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Stem Cell Reports. 2014 Jun 26;3(1):73-84. doi: 10.1016/j.stemcr.2014.05.015. eCollection 2014 Jul 8.

Mechanisms for interferon-α-induced depression and neural stem cell dysfunction.

Author information

1
Institute of Anatomy and Cell Biology, School of Medicine, Zhejiang University, Hangzhou 310058, China ; Department of Developmental and Regenerative Biology, Nagoya City University Graduate School of Medical Sciences, Nagoya, Aichi 467-8601, Japan.
2
Division of Neurobiology and Bioinformatics, National Institute for Physiological Sciences, Okazaki, Aichi 444-8585, Japan ; Department of Integrative Physiology, Shiga University of Medical Science, Otsu, Shiga 520-2192, Japan.
3
Department of Developmental and Regenerative Biology, Nagoya City University Graduate School of Medical Sciences, Nagoya, Aichi 467-8601, Japan.
4
Section of Behavior Patterns, Center for Genetic Analysis of Behavior, National Institute for Physiological Sciences, Okazaki, Aichi 444-8585, Japan ; Japan Science and Technology Agency, Core Research for Evolutionary Science and Technology (CREST), Kawaguchi 332-0012, Japan.
5
Section of Behavior Patterns, Center for Genetic Analysis of Behavior, National Institute for Physiological Sciences, Okazaki, Aichi 444-8585, Japan ; Japan Science and Technology Agency, Core Research for Evolutionary Science and Technology (CREST), Kawaguchi 332-0012, Japan ; Division of Systems Medical Science, Institute for Comprehensive Medical Science, Fujita Health University, Toyoake 470-1192, Japan.
6
Department of Virology and Liver Unit, Nagoya City University Graduate School of Medical Sciences, Nagoya, Aichi 467-8601, Japan.
7
Institute for Experimental Infection Research, TWINCORE, Centre for Experimental and Clinical Infection Research, a joint venture between the Helmholtz Centre for Infection Research (HZI) and the Hannover Medical School (MHH), Hannover 30625, Germany.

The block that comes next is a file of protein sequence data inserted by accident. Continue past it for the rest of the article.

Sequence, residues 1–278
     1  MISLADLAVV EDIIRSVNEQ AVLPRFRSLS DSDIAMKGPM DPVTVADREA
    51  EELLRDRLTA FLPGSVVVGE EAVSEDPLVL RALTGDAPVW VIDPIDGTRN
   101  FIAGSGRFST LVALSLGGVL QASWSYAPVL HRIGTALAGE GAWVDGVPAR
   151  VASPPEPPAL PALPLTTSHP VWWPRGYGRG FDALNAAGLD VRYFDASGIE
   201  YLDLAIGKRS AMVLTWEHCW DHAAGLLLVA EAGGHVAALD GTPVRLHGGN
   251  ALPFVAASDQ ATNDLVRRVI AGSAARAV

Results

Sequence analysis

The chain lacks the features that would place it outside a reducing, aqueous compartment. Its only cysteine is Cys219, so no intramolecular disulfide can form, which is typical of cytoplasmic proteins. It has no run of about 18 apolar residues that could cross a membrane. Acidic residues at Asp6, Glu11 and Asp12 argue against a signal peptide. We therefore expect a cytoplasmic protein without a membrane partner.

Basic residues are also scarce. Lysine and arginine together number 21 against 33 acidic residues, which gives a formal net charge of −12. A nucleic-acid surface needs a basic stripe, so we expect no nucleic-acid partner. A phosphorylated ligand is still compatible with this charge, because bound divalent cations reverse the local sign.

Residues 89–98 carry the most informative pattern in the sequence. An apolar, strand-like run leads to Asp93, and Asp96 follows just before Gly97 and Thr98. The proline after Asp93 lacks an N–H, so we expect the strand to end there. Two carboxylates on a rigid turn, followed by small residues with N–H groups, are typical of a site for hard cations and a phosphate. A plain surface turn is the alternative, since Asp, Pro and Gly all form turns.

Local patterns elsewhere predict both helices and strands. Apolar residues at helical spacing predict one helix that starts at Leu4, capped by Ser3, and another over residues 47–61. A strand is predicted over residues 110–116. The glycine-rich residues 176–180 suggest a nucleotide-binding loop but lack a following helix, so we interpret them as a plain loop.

8
Yokohama Clinic, Yokohama, Kanagawa 220-0004, Japan.
9
Department of Neuropsychiatry, Graduate School of Medical Sciences, Kyushu University, Fukuoka 812-8582, Japan.
10
Division of Neurobiology and Bioinformatics, National Institute for Physiological Sciences, Okazaki, Aichi 444-8585, Japan.

Abstract

New neurons generated by the neural stem cells (NSCs) in the adult hippocampus play an important role in emotional regulation and respond to the action of antidepressants. Depression is a common and serious side effect of interferon-α (IFN-α), which limits its use as an antiviral and antitumor drug. However, the mechanism(s) underlying IFN-induced depression are largely unknown. Using a comprehensive battery of behavioral tests, we found that mice subjected to IFN-α treatment exhibited a depression-like phenotype. IFN-α directly suppressed NSC proliferation, resulting in the reduced generation of new neurons. Brain-specific mouse knockout of the IFN-α receptor prevented IFN-α-induced depressive behavioral phenotypes and the inhibition of neurogenesis, suggesting that IFN-α suppresses hippocampal neurogenesis and induces depression via its receptor in the brain. These findings provide insight for understanding the neuropathology underlying IFN-α-induced depression and for developing new strategies for the prevention and treatment of IFN-α-induced depressive effects.

PMID:
25068123
PMCID:
PMC4110771
DOI:
10.1016/j.stemcr.2014.05.015
[Indexed for MEDLINE]
Free PMC Article

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